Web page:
The principles underlying the Core Curriculum are the following:
- The Core highlights foundational competencies in writing, oral expression, and quantitative analysis, and ensures that these competencies are re-iterated and refined in subsequent courses both in the Core and in major requirements.
- The Core includes courses that provide students a solid grounding in the humanities, the social sciences, and the natural sciences. The distribution courses provide these basic introductions to disciplines in these areas.
- The Core includes integrated coursework that combines more than one content area and requires students to hone critical thinking and problem-solving skills that cross disciplines. Integrated courses create communities of shared inquiry and foreground the responsibility our students have as global citizens, entrusted stewards of the earth, and creators of just societies. The integrated coursework prepares students to participate, as leaders, in a world marked by increasing complexity, greater collaboration and interdependency, and intra-professionalism.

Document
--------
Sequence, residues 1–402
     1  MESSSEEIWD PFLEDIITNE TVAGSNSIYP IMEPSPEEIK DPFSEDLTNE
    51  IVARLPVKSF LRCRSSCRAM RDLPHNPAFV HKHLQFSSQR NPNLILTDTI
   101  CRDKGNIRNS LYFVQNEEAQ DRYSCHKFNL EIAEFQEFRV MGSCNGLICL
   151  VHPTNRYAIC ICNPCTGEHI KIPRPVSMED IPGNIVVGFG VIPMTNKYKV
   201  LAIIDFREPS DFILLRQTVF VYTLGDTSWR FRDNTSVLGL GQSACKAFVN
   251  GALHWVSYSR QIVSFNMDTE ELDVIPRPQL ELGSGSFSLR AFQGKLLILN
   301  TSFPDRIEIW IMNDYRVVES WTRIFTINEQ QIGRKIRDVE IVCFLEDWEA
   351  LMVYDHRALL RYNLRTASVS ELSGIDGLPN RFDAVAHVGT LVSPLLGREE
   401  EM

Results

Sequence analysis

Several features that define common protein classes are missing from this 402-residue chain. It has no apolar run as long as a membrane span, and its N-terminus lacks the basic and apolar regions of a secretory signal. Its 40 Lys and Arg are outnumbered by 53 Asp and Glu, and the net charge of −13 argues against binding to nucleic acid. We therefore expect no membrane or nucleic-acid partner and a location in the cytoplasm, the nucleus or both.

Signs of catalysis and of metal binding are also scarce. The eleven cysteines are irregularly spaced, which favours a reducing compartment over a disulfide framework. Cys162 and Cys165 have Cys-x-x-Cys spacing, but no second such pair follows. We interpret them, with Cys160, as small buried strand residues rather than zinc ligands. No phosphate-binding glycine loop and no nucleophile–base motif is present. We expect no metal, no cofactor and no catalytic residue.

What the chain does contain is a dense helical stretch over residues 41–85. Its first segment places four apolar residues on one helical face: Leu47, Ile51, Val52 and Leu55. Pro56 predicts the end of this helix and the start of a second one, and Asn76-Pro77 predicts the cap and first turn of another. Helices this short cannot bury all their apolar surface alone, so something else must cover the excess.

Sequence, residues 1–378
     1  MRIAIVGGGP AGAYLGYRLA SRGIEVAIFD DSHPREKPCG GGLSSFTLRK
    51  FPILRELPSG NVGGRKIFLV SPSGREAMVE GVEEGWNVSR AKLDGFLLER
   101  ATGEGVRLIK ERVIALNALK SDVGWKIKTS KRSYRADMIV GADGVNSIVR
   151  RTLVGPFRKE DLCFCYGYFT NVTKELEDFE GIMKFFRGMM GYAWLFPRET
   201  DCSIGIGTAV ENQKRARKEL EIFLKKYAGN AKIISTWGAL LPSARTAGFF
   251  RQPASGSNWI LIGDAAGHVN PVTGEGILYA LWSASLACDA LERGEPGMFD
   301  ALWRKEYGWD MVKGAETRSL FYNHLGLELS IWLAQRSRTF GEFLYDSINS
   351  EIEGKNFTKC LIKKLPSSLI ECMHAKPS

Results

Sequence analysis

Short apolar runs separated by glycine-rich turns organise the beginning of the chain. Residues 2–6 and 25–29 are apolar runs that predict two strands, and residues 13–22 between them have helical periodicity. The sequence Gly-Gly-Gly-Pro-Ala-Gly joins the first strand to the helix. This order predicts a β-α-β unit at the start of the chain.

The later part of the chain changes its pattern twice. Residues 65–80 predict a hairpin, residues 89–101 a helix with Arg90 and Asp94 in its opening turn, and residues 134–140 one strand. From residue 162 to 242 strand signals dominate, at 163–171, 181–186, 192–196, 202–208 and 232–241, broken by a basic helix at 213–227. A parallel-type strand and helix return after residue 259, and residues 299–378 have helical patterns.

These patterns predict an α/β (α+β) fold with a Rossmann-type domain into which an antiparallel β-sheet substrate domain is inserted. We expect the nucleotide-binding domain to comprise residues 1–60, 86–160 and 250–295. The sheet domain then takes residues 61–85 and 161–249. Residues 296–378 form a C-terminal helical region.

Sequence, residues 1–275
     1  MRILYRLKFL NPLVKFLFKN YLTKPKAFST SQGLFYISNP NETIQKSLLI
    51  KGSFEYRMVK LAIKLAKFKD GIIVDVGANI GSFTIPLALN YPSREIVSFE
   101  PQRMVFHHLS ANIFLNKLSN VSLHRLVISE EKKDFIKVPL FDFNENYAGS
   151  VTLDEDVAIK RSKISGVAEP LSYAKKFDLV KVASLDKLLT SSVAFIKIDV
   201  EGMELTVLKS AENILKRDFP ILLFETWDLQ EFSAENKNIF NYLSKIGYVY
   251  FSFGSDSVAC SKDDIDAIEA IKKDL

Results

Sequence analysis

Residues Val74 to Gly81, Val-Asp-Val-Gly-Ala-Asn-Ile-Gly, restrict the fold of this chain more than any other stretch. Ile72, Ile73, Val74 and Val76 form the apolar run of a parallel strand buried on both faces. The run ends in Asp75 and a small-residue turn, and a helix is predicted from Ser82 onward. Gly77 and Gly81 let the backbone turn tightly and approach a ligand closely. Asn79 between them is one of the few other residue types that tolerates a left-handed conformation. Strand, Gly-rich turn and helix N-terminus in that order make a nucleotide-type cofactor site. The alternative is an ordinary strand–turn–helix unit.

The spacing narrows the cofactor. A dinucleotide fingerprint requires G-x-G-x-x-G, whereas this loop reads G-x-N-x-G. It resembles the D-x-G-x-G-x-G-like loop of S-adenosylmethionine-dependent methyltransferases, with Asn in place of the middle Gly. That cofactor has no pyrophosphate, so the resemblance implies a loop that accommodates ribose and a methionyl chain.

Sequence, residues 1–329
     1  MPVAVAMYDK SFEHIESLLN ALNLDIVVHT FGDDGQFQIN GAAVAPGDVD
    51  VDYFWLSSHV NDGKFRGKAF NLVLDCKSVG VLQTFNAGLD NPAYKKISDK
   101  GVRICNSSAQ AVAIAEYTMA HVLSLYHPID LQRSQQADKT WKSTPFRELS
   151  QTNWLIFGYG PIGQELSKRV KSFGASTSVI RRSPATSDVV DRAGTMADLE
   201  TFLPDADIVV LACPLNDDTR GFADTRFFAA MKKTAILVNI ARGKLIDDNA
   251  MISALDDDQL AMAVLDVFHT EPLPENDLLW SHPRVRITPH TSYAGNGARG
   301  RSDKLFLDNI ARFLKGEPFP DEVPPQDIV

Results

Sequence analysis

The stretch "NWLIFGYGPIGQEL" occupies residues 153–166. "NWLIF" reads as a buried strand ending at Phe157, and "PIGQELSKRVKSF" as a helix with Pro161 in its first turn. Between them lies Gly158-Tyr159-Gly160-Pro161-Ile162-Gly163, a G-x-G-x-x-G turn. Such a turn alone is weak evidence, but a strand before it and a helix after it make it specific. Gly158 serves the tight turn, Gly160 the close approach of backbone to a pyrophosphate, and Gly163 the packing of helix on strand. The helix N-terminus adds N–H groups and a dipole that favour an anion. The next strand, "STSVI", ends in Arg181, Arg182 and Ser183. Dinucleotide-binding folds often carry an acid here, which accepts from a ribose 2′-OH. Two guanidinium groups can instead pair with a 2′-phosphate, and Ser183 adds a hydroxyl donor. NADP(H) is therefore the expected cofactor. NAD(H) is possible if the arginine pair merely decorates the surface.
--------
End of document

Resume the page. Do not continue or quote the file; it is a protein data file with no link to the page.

- The Core develops students’ intercultural competence through its focus on global studies and languages: students demonstrate competency in a language other than English. The Core also emphasizes human diversity with courses devoted to issues in social justice.
- The Core underscores essential principles of Ignatian pedagogy by valuing the rich history of Jesuit education with its emphasis on currency, relevance, communication skills, care for the learning of each student, discernment, and justice. The Core also highlights disciplines traditionally part of the Jesuit heritage in higher education with courses in Philosophy, Theology & Religious Studies, and the creative and performing arts. Courses on issues in social justice also consider important questions about justice and ethics.
In sum, the Core Curriculum asks students to be engaged learners who bring new knowledge into being through their study and collaboration and who do so with the realization that all knowledge has the capacity to raise ethical questions, and that the questions they raise and answer are meaningful and liberating.
Revised June 22, 2017